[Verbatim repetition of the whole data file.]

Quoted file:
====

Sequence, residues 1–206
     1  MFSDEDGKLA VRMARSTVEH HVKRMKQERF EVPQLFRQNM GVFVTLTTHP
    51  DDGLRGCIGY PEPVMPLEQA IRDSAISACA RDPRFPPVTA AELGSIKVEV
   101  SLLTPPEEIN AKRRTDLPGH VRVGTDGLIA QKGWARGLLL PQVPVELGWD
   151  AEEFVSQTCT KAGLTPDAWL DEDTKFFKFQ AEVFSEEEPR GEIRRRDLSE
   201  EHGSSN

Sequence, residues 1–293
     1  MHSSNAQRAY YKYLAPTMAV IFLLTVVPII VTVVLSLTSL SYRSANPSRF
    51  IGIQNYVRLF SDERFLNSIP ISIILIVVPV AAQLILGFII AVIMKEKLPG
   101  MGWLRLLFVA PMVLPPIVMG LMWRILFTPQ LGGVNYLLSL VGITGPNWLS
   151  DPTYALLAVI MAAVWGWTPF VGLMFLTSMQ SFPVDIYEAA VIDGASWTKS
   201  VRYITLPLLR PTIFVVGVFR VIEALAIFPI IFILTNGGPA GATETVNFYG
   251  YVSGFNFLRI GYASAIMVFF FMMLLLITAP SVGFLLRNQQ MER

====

Sequence, residues 1–206
     1  MFSDEDGKLA VRMARSTVEH HVKRMKQERF EVPQLFRQNM GVFVTLTTHP
    51  DDGLRGCIGY PEPVMPLEQA IRDSAISACA RDPRFPPVTA AELGSIKVEV
   101  SLLTPPEEIN AKRRTDLPGH VRVGTDGLIA QKGWARGLLL PQVPVELGWD
   151  AEEFVSQTCT KAGLTPDAWL DEDTKFFKFQ AEVFSEEEPR GEIRRRDLSE
   201  EHGSSN

Sequence, residues 1–293
     1  MHSSNAQRAY YKYLAPTMAV IFLLTVVPII VTVVLSLTSL SYRSANPSRF
    51  IGIQNYVRLF SDERFLNSIP ISIILIVVPV AAQLILGFII AVIMKEKLPG
   101  MGWLRLLFVA PMVLPPIVMG LMWRILFTPQ LGGVNYLLSL VGITGPNWLS
   151  DPTYALLAVI MAAVWGWTPF VGLMFLTSMQ SFPVDIYEAA VIDGASWTKS
   201  VRYITLPLLR PTIFVVGVFR VIEALAIFPI IFILTNGGPA GATETVNFYG
   251  YVSGFNFLRI GYASAIMVFF FMMLLLITAP SVGFLLRNQQ MER